TIANJIN, China (Reuters) - State-backed Chinese technology group Tsinghua Holdings plans to spend $7.5 billion on research and development over the next five years, accelerating China’s drive to build a high-value semiconductor industry to challenge global chipmaking rivals.
As the firm that controls acquisitive chip supplier Tsinghua Unigroup outlined the target, its chairman, Xu Jinghong, also said China has been too slow to reform its economy, and must move faster to promote high-margin tech operations rather than cheap manufacturing.
In the chip development drive - a strategic priority for Beijing - Tsinghua Unigroup aims to become the world’s No. 3 chipmaker after Intel Corp and Samsung Electronics Co. The firm has proposed buying stakes worth nearly $1 billion in two Taiwanese chip firms - deals now under review by a new Taipei government that is less friendly toward China.
Speaking to Reuters on the sidelines of a World Economic Forum gathering in Tianjin on Sunday, Xu said the pace of progress in China in broad economic terms was too slow. The old investment-led growth model produces diminishing returns and ever-larger amounts of debt, Xu said.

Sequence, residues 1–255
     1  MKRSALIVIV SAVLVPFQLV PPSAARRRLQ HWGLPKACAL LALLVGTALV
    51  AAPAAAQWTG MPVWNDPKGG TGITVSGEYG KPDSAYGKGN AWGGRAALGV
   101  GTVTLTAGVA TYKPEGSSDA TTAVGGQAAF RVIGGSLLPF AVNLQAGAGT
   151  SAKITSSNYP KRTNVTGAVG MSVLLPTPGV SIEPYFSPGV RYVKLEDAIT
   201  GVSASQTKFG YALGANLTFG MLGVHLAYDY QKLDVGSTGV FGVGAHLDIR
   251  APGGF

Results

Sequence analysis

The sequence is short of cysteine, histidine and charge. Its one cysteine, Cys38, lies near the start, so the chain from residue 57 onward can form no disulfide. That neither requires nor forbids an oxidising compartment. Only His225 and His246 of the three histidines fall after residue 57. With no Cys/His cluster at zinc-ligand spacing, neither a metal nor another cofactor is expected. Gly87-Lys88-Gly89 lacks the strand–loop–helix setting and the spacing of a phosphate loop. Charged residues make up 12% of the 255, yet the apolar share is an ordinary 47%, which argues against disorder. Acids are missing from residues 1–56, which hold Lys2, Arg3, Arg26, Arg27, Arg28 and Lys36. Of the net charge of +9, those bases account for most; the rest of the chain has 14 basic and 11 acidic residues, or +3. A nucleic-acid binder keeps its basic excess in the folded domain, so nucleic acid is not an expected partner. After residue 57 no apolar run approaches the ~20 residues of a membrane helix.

“This is a key time for China’s economy. We must restructure, but it will be very painful. Industries facing over-production must be restructured, while new industries need support,” Xu said.
Controlled by Tsinghua University in Beijing, Tsinghua says it operates on market principles but is still a state-owned behemoth: revenue topped 70 billion yuan ($10.5 billion) last year.
As well as pledging 50 billion yuan in research and development spending over the next five years, Tsinghua will set up a 10 billion yuan fund to support commercialization of new technology.
Xu said Tsinghua had also kicked off a plan to open 1,000 startup incubation centers in 100 cities in China.
Officials in Beijing acknowledge the urgent need to pursue more productive new technologies, and ensure a level playing field for private firms.
China could add $5.6 trillion to gross domestic product, and $5.1 trillion of new income for households, by 2030, if it can switch to a productivity-led growth model, the McKinsey Global Institute said earlier this month.
However, Xu said progress has been too slow.
“We need to step up reform. We should let the market decide how resources are allocated. We need a fair market, and improved legal environment,” said Xu.
Reporting by Elias Glenn; Editing by Kenneth Maxwell